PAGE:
On the day of the ceremony, the Thomson staff told all of the guests at the Nyumba camp they were invited to a local wedding. “I thought we hit the jackpot,” said Lori. “How lucky are we to experience something unplanned like this? So few people get this kind opportunity!” Lori immediately, and very excitedly, told Mark that she wanted to get to the ceremony site early to sit in the front row. Mark, who was instructed to keep Lori in their tent until preparations were finalized, searched for excuses to stall her. “Maybe you want to freshen up first…? Why do you want to sit in the front row, we don’t even know these people…? I don’t want to be the first ones there…” Mark kept struggling with reasons to keep Lori from leaving the tent.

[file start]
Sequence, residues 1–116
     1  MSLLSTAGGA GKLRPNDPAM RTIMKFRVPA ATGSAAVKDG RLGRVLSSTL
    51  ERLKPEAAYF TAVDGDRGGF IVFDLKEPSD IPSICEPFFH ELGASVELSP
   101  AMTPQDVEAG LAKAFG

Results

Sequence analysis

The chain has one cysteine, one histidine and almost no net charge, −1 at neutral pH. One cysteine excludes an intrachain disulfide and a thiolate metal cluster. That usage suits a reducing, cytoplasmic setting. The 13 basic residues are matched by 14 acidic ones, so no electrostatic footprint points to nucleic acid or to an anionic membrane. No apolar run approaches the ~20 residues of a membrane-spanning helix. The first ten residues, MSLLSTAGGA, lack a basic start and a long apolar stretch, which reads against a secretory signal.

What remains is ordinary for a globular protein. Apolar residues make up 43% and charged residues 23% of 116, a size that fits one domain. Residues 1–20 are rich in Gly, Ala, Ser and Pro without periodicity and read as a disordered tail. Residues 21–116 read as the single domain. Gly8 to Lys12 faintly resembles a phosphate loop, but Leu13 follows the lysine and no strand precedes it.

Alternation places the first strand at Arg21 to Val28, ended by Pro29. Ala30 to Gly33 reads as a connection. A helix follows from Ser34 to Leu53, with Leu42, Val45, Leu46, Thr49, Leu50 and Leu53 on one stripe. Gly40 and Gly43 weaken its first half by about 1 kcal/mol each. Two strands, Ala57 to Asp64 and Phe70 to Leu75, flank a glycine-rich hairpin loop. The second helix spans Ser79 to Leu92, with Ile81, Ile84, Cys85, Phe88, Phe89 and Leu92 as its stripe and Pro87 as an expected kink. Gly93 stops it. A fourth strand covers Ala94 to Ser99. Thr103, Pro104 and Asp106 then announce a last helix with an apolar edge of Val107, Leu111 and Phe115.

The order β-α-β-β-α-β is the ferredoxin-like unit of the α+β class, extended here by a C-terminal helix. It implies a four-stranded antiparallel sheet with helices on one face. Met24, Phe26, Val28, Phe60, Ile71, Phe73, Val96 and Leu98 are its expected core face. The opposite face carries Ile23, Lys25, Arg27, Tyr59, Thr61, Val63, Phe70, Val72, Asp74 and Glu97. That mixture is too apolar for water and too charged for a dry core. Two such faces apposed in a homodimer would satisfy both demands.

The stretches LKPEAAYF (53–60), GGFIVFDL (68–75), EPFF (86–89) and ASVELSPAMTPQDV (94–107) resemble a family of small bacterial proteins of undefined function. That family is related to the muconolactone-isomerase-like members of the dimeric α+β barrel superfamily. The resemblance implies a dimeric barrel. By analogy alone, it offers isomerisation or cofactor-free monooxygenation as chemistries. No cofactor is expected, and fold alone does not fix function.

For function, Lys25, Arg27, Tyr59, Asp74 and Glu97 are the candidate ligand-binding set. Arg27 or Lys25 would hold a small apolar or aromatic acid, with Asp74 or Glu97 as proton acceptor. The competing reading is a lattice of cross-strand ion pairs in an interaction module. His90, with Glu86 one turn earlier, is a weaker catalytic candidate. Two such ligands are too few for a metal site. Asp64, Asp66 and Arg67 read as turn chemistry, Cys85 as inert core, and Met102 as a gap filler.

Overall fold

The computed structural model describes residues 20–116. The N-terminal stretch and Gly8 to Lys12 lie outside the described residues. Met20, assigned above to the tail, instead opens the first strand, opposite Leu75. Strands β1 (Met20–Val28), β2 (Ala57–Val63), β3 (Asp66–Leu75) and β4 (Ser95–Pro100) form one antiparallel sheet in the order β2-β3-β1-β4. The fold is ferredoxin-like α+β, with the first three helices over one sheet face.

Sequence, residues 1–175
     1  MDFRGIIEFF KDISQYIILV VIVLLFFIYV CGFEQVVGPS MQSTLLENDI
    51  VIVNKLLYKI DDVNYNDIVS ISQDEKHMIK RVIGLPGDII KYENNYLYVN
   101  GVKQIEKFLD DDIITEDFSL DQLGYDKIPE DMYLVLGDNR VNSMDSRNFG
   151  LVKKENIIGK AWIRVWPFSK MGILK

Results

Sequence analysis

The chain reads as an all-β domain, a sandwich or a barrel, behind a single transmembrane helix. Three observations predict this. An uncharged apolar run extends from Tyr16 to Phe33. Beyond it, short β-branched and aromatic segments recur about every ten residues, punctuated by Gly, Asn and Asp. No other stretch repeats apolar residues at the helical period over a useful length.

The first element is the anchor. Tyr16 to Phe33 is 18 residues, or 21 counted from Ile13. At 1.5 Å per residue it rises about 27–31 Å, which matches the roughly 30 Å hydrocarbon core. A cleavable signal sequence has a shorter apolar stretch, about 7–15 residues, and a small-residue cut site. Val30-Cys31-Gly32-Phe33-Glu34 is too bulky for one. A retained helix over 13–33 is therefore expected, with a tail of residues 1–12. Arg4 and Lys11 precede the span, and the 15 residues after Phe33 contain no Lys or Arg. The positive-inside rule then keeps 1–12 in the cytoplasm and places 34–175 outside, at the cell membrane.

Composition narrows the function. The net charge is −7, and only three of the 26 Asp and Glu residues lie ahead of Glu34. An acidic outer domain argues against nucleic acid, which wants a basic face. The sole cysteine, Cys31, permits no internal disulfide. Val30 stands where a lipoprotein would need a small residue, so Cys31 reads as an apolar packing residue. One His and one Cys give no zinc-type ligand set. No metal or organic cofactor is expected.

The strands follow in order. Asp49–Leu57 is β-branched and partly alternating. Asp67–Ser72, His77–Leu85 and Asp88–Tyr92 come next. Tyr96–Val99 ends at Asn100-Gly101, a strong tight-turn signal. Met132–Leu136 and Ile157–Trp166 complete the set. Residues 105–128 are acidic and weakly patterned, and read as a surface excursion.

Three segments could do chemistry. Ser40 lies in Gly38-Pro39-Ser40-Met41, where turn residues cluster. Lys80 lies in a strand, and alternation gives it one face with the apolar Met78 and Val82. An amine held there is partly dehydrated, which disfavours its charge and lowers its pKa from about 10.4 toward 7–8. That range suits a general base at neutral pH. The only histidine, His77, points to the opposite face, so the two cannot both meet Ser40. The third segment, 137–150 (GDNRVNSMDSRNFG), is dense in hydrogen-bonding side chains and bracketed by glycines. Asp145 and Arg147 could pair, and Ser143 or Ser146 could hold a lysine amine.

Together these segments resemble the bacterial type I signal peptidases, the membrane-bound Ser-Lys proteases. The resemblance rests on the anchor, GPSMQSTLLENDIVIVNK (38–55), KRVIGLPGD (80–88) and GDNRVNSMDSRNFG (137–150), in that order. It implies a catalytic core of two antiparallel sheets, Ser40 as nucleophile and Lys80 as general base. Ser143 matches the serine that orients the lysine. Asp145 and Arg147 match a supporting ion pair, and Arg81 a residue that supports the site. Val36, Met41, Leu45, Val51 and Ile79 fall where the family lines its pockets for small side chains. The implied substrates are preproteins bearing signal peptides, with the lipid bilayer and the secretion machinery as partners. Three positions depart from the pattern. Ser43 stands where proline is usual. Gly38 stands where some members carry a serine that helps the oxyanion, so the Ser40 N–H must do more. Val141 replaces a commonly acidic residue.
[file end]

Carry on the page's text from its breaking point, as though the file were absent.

Fortunately Mark was able to divert Lori’s frustration with his unsubstantiated excuses when he heard Maasai chanting in the distance; this was his signal the ceremony was beginning. He was finally able to reveal his plans to his very shocked wife, “The wedding that we are going to…it is not for a local member of the Maasai village, it is for us. We are getting re-married in a traditional Maasai wedding ceremony.” Lori was overwhelmed with emotion. “I had no idea what was going to happen next and I wanted to be present in the moment and take it all in,” she said.